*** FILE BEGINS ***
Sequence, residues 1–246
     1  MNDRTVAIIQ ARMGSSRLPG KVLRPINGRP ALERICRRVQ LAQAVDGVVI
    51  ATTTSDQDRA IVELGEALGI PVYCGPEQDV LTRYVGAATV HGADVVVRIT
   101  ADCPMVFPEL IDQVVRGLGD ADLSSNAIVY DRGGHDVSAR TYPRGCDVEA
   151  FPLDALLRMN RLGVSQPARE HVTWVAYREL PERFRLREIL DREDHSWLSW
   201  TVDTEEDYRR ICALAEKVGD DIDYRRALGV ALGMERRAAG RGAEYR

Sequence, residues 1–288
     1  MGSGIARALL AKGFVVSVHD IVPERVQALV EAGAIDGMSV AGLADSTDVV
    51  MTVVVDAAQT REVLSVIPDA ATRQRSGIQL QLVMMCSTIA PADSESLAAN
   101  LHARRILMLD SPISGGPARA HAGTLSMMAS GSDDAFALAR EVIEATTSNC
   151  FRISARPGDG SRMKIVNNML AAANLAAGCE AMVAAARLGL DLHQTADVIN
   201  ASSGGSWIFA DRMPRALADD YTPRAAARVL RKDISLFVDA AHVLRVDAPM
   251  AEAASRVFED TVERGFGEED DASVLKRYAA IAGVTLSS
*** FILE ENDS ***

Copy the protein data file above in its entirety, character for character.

Sequence, residues 1–246
     1  MNDRTVAIIQ ARMGSSRLPG KVLRPINGRP ALERICRRVQ LAQAVDGVVI
    51  ATTTSDQDRA IVELGEALGI PVYCGPEQDV LTRYVGAATV HGADVVVRIT
   101  ADCPMVFPEL IDQVVRGLGD ADLSSNAIVY DRGGHDVSAR TYPRGCDVEA
   151  FPLDALLRMN RLGVSQPARE HVTWVAYREL PERFRLREIL DREDHSWLSW
   201  TVDTEEDYRR ICALAEKVGD DIDYRRALGV ALGMERRAAG RGAEYR

Sequence, residues 1–288
     1  MGSGIARALL AKGFVVSVHD IVPERVQALV EAGAIDGMSV AGLADSTDVV
    51  MTVVVDAAQT REVLSVIPDA ATRQRSGIQL QLVMMCSTIA PADSESLAAN
   101  LHARRILMLD SPISGGPARA HAGTLSMMAS GSDDAFALAR EVIEATTSNC
   151  FRISARPGDG SRMKIVNNML AAANLAAGCE AMVAAARLGL DLHQTADVIN
   201  ASSGGSWIFA DRMPRALADD YTPRAAARVL RKDISLFVDA AHVLRVDAPM
   251  AEAASRVFED TVERGFGEED DASVLKRYAA IAGVTLSS